Protein Hydrolyzing Enzymes Are Commonly Known As – Protein Hydrolyzing (Proteolysis) is the breakdown of proteins into smaller polypeptides or amino acids. Proteolysis is one of the most important biological reactions. Proteolytic activity has been attributed to a class of enzymes called proteases. A protease (also called a peptidase or proteinase) is an enzyme that performs proteolysis.
Protein Hydrolyzing Enzymes Are Commonly Known As – Proteases are involved in digesting long protein chains into shorter fragments by splitting the peptide bonds that link amino acid residues. Some detach the terminal amino acids from the protein chain (exopeptidases, such as aminopeptidases, carboxypeptidase A); others attack internal peptide bonds of a protein (endopeptidases, such as trypsin, chymotrypsin, pepsin, papain, elastase).
Proteases are found in animals, plants, bacteria, archaea, and viruses. Proteases are involved in protein processing, regulation of protein function, apoptosis, viral pathogenesis, digestion, photosynthesis, and numerous other vital processes.
Proteases are not merely restricted to digestive purposes and remodeling of extracellular matrix and tissues, but are also key factors for the induction of physiological immune responses. This induction can be direct, through the degradation of pathogens within phagolysosomes, or indirect, through the activation of key pattern recognition receptors (PRRs), such as toll-like receptors (TLRs).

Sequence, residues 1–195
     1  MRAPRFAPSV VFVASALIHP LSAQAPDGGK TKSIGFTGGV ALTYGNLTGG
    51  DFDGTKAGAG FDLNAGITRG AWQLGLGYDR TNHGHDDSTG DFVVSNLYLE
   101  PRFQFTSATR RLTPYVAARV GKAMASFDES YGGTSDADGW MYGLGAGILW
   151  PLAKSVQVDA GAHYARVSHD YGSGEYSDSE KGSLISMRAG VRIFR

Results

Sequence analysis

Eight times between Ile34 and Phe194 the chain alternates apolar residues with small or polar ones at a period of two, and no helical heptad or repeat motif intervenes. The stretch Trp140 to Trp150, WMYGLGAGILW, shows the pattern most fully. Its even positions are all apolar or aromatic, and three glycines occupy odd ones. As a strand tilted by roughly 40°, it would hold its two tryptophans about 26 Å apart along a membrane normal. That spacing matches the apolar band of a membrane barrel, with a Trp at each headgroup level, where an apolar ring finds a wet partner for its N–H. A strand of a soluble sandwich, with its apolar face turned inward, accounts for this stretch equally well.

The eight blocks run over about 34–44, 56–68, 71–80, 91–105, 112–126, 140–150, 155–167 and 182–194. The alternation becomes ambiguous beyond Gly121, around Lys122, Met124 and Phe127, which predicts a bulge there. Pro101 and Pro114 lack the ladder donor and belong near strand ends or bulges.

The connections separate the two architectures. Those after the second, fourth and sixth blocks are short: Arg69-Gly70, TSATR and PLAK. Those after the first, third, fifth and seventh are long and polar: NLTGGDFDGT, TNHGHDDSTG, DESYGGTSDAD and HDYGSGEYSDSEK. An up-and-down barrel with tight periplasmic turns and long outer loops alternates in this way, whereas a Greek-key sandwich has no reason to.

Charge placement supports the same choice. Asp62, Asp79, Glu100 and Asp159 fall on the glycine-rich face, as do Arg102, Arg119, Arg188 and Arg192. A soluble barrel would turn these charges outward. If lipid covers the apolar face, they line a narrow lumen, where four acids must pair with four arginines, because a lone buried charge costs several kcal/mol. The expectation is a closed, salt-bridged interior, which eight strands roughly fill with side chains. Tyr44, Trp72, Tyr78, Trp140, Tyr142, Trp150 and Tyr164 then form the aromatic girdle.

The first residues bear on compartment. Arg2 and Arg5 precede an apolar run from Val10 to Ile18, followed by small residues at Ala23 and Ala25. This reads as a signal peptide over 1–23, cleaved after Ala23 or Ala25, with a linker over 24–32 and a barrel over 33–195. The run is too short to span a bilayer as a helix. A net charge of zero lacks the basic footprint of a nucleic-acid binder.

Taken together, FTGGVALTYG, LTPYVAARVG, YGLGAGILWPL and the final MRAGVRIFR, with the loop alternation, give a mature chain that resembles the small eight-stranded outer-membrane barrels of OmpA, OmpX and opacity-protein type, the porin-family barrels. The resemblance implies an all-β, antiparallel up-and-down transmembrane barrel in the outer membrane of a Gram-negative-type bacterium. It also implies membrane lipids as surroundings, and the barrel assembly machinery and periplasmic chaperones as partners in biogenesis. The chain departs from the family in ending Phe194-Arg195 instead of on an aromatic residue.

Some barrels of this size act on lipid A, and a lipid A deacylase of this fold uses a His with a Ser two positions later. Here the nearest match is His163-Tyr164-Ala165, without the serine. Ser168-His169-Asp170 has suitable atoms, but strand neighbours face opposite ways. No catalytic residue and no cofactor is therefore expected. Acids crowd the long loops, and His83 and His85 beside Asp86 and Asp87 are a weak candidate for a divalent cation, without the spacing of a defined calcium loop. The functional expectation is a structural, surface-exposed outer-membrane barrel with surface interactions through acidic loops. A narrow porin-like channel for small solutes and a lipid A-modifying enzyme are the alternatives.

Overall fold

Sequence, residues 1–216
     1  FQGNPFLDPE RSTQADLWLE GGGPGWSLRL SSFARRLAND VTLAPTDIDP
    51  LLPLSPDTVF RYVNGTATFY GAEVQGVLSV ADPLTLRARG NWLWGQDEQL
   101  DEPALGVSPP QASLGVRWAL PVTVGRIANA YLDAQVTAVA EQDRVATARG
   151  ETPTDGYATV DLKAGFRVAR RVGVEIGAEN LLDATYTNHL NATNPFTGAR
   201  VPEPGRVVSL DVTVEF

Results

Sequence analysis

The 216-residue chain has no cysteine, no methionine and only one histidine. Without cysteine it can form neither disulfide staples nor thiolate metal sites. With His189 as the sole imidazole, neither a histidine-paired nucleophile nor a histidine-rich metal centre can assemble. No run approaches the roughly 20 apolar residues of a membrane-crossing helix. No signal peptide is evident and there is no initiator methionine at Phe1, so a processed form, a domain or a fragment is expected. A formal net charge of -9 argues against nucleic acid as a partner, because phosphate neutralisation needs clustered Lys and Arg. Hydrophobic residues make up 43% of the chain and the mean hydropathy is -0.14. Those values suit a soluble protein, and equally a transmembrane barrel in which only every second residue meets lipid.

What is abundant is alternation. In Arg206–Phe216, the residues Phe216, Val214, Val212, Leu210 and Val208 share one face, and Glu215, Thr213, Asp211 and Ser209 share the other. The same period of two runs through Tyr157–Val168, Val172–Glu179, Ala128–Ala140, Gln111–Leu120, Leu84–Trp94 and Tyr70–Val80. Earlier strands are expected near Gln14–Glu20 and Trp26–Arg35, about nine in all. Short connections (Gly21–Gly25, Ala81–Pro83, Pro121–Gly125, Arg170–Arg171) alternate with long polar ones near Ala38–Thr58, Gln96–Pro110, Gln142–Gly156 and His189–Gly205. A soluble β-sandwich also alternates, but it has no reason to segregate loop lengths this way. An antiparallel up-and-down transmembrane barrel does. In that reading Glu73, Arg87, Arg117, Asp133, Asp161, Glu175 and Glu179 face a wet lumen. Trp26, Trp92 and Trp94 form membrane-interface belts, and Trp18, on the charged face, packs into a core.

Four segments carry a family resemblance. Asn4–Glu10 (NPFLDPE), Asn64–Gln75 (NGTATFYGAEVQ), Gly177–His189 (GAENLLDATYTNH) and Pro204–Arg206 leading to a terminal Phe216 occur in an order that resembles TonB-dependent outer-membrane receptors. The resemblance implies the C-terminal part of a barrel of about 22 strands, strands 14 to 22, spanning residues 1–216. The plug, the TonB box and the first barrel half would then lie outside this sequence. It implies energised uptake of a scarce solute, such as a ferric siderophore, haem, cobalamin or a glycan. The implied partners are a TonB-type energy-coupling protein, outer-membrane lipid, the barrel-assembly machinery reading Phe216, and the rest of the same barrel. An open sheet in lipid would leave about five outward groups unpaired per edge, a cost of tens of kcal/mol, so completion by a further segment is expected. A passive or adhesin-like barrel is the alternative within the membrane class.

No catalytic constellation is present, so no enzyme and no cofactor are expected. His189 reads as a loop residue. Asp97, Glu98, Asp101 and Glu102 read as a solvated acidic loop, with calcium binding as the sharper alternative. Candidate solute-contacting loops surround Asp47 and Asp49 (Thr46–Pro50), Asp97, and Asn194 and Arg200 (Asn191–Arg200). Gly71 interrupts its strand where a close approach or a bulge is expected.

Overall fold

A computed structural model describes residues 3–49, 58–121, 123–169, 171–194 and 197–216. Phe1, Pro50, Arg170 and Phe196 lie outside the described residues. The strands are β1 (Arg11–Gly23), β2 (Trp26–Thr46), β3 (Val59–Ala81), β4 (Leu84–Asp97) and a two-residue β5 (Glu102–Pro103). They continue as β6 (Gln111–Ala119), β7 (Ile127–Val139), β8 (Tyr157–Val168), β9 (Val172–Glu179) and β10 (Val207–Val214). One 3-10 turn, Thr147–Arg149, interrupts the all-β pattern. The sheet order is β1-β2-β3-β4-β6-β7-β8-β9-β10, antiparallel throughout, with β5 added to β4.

Proteases in particular are synthesized in the inactive form so that they may be safely stored in cells, and ready for release in sufficient quantity when required. This is to ensure that the protease is activated only in the correct location or context, as inappropriate activation of these proteases can be very destructive for an organism. Proteolysis of the zymogen yields an active protein; for example, when trypsinogen is cleaved to form trypsin, a slight rearrangement of the protein structure that completes the active site of the protease occurs, thereby activating the protein.
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